Srinagar, Jan 3 (IANS) Jammu and Kashmir Chief Minister Omar Abdullah Tuesday met the family of the student killed in CISF firing and said he would leave no stone unturned to ensure justice for the victim of the ‘inexcusable use of force’.
‘Even if I have to knock the doors of the court, I will get justice for the father who lost his son yesterday,’ Abdullah said in Boniyar in Baramulla, about 90 km from here, a day after 18-year-old Altaf Ahmad Sood was killed when Central Industrial Security Force (CISF) troopers fired at people protesting against power cuts.
Two protesters were injured.
‘The excessive use of force was unwarranted,’ Abdullah told a television channel. ‘That is the case that has been filed, that is the case we will pursue in the course of justice.’
The chief minister added that it was unclear what Altaf was doing at the protest – it was possible he was walking past, whether he was going for his studies…
‘That is irrelevant. He was shot twice in the chest. It is an inexcusable use of force,’ Abdullah said.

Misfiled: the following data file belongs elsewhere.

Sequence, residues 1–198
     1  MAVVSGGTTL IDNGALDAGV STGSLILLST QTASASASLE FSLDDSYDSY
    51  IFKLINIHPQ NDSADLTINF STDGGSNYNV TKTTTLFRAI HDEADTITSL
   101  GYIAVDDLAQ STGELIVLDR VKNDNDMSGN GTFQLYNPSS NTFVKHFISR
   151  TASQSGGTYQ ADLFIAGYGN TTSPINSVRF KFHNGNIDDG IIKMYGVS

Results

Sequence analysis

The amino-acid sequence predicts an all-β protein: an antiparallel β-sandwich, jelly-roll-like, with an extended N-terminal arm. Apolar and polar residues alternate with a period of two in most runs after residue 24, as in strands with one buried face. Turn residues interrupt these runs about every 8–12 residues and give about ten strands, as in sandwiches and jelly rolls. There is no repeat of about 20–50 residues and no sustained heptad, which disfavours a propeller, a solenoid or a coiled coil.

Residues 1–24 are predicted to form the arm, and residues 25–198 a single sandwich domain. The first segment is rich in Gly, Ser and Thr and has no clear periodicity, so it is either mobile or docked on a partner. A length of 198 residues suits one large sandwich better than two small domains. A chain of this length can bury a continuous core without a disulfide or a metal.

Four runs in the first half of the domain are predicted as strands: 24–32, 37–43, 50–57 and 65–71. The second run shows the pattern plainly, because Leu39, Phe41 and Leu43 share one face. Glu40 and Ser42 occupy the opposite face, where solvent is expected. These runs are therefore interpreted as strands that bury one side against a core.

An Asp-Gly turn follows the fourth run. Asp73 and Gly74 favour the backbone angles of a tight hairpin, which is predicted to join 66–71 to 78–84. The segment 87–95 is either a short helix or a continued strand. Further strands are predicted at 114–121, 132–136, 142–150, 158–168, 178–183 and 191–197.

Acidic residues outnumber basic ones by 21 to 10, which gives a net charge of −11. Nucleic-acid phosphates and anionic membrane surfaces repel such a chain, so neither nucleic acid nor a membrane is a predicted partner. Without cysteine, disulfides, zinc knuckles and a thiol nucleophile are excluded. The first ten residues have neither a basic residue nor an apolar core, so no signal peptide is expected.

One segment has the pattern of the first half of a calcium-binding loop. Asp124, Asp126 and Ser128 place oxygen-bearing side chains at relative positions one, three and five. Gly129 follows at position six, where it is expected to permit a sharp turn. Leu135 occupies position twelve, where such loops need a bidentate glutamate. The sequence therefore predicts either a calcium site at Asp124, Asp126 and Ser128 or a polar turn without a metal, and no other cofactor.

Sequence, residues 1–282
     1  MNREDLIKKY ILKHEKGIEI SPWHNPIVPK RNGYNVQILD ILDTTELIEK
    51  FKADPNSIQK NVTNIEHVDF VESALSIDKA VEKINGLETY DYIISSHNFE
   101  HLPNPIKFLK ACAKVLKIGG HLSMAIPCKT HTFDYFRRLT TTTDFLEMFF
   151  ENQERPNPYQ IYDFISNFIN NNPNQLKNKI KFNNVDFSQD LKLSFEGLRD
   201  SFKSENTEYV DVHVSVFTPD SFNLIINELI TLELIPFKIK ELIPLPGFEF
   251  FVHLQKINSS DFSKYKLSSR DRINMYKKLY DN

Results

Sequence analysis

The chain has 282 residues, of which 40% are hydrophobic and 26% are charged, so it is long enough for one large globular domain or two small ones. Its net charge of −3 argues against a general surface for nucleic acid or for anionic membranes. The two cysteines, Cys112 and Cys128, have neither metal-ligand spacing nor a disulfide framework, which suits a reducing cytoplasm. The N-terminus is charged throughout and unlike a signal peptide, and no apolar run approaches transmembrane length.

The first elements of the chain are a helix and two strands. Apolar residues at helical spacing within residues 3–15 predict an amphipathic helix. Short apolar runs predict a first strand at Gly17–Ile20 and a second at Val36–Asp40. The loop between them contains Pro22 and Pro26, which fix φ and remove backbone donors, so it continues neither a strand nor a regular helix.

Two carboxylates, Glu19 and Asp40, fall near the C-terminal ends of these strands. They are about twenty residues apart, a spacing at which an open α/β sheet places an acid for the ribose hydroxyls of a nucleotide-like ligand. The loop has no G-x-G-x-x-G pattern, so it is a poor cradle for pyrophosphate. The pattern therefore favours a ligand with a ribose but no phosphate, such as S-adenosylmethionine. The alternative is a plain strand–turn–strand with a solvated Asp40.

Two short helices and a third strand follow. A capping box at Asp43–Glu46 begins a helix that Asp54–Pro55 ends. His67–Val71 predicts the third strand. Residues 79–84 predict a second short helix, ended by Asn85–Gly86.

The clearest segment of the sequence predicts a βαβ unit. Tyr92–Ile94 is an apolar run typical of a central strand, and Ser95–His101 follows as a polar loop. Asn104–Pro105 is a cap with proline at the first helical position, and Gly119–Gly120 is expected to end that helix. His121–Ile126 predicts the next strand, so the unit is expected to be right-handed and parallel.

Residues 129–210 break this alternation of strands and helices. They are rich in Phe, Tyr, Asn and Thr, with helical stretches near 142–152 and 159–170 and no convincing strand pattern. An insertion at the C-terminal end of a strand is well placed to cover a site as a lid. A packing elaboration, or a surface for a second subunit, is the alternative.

‘We will whatever use whatever law we have to to ensure that justice is done,’ he added.
Abdullah, who visited the bereaved family Tuesday to express his condolences, told a group of locals that their demand for enhanced electric power supply was justified.
He promised that they would get enhanced electric power supply within two days and regretted that a precious life was lost during the protests.
Despite the strong words, protests again erupted in Boniyar after the chief minister left. Locals pelted stones at official vehicles and blocked the Srinagar-Muzaffarabad highway that passes through Boniyar.
Five CISF troopers were arrested Monday. A magisterial probe by additional deputy commissioner (Baramulla), to be completed in 15 days, has also been ordered into the incident by the state government.
Rs.1 lakh has been sanctioned as ex gratia relief for the next of kin of the deceased student.
Abdullah had said Monday that the CISF had been hired by the NHPC for the security of its power station and was not protected under the Armed Forces Special Powers Act as it was not part of the counter insurgency grid.
Public protests against erratic electric power supply have been witnessed at many places in the Kashmir Valley, which is battling a cold winter for the last one month.
While the electric department blames low water discharge in the rivers for the reduced generation of power in the state, they also accuse consumers of pilferage.
Abdullah has said he would approach Prime Minister Manmohan Singh to seek additional electricity power import into the state.